I’m so excited to get back to writing and launch the new site, YouTube channel, and podcast. I’ve conquered demons, faced my fears, worked on my mental and physical health—and I’m ready to dive back in.
But in 2017, I hit an awful roadblock when anxiety and depression sucked the life out of me. The massive cultural shift that began in the summer of 2015 caught me completely off guard—even after spending the better part of fifteen years online. I spent most of 2016 extremely stressed out—fighting with my family and strangers online. It all took a toll—and after the election, I shut down.
Since I generally take a nosedive after the holidays due to SAD (Seasonal Affective Disorder), I tried all the things I usually do to feel better, but nothing was working. My winter routine is to keep the lights bright, exercise, try to eat well and force myself to get outside. It helps to pretend that I live on the Space Station and must exercise—or I won’t be able to walk when I come back to earth. Most of the time, it works!
Anxiety and depression can sneak up on you.
But I could feel things going south. It wasn’t helping that the environment that I consider my workplace, the internet, was becoming a place I didn’t want to work anymore.
I knew I wasn’t alone. I chatted with a few other bloggers who were saying, ‘Who is going to care about my bathroom remodel in this insane environment?’ Were the only successful people selling ways to be successful? Scrolling through Instagram and Twitter sure made it feel that way.
Even though I was trying to keep calm and carry on, my anxiety was wreaking havoc with my sleep, and I was becoming less and less effective in my ‘must do’ tasks and completely unable to perform tasks that required a lot of creative thinking. I wanted to leave the internet, stream movies, and hang out with my dogs. I wondered if my best years might be behind me. Then I started to withdraw.
Luckily, I’ve been to dark places before. I know what it feels like when I need to see a doctor. (By the way—you should absolutely see a doctor to determine the cause of, and how to treat your depression.) I’ve also learned that with SAD, things ALMOST ALWAYS eventually improve on their own. But this time knew I needed help to manage my growing anxiety, as not being able to sleep becomes a real problem very quickly!
It was time to go on meds.
The road back: Prozac and hormones.
I have a love-hate relationship with Prozac. It works great for anxiety but also makes me gain weight like CRAZY. I gained a lot of weight quickly, but I felt more focused. I considered it a victory just to get some sleep.
To further complicate matters, my hormones have started going insane. A few years ago, I read The Wisdom of Menopause, by Dr. Christiane Northrup, and thought, okay, cool—I’ve got this. I was like, Ha-ha. My eggs are dying. And why is Jennifer Aniston suddenly obsessed with her dry eyes? But now I’m like OMFG, MY EGGS ARE DYING. I FEEL LIKE ABSOLUTE HELL. AND WHAT IS THIS DRY EYE SHIT? No one told me about the dry eye part of aging. I know there is a considerable range of experiences and symptoms in the early part of menopause, but in my case, it felt like I had the flu. No wonder I was losing my mind.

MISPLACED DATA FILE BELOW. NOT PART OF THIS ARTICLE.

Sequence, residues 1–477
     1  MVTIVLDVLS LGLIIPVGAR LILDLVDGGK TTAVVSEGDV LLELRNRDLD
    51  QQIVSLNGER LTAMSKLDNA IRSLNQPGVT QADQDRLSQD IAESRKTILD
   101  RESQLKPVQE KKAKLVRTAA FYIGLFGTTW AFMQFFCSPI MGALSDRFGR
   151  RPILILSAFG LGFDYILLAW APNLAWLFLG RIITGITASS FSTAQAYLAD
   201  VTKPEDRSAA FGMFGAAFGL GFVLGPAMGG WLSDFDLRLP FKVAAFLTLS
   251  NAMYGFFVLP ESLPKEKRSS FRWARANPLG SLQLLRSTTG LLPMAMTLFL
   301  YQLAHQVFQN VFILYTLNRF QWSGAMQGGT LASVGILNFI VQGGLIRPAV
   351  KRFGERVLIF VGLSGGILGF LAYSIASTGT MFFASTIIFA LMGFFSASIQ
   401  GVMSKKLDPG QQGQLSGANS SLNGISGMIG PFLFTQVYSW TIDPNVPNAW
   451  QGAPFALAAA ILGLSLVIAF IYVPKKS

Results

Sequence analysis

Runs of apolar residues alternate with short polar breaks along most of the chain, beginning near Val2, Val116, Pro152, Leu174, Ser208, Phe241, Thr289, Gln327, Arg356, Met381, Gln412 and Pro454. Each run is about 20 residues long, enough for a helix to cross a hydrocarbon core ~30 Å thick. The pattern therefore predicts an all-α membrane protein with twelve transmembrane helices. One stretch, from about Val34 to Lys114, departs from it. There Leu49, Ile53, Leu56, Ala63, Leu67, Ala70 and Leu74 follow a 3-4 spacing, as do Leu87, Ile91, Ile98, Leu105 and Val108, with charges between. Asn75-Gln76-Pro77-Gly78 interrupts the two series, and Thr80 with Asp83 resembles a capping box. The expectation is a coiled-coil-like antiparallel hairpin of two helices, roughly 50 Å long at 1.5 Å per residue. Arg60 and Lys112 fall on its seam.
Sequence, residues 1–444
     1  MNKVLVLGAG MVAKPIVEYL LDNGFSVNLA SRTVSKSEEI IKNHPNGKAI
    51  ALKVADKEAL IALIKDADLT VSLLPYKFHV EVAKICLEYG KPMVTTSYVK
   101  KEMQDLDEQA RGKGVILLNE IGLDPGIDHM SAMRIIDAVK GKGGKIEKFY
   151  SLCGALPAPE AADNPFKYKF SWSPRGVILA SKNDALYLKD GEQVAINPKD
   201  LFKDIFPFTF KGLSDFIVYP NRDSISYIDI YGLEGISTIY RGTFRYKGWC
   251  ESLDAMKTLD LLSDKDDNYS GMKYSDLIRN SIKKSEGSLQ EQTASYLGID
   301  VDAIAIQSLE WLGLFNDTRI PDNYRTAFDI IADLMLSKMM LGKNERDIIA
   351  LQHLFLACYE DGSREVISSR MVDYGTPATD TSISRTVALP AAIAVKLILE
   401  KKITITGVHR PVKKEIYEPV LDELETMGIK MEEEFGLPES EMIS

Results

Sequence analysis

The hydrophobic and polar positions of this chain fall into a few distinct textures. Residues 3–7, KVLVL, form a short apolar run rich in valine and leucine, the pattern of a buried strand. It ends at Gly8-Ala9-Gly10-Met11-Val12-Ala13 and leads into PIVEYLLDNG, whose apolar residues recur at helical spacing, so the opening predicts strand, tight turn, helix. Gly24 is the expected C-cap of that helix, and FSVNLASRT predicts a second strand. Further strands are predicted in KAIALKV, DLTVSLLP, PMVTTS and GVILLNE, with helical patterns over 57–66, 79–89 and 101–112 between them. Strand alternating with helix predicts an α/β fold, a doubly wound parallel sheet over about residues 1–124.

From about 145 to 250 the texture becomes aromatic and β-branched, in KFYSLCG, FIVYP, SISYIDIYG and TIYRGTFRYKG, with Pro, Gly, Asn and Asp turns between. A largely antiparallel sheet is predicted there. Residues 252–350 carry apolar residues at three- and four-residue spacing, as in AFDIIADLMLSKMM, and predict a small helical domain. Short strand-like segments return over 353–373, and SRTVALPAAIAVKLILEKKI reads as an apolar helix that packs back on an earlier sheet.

Side Note: It’s important to see a doctor about your anxiety and depression because there can be a lot of factors, including hormones, that can affect your mood!
So, my hormones and the internet were raging, my family life was growing more complicated, and my brain was being uncooperative. Naturally, I started to think about completely overhauling other aspects of my life—because apparently, I like total and complete chaos.
Creating order out of chaos.
I’ve been talking about down-sizing my home and possessions for a few years and have started the organizing process. We have a lot of creative spaces in our house and storage that is out of control. And we’re starting to inherit dead people’s stuff that we don’t necessarily want. More on this in a future post. (I understand this is a first-world problem.)
I’m ready to move on from a traditional family home, or at least a much smaller place. My husband is not—which is okay—I’ve got a lot to do on my own first. I devoured the KonMari series on Netflix in one day. (I also enjoy The Minimalists blog, but I’m never going to be that hardcore.) And while I’m not entirely on board with every detail, Kondo did motivate me to get serious about simplifying. It made me realize all the ways my mental and physical stuff are keeping me from being my best self.
A fresh start!
I’m much clearer about my priorities now that my anxiety and depression are in check. And I’m looking forward to the relaunch of my YouTube channel and podcast. I want to simplify my life and write more. Keep my body and mind healthy. Cherish the people and animals in my life. Do the work that I need to do to meet my personal goals. To be okay with aging, even when it’s weird and sometimes awful. And to talk openly about these things so that other women know they aren’t alone.
The hardest part about anxiety is feeling strong enough to create without worrying about what happens after. It’s not going to be perfect. It’s going to feel weird to make videos and podcasts again—but it’s also going to be fun. When I experience my perfection tendencies creeping up on me, I rewatch Hank Green’s video on getting things 80% of the way there.
And that’s where I’ll leave this post—80% of the way there with much more to come.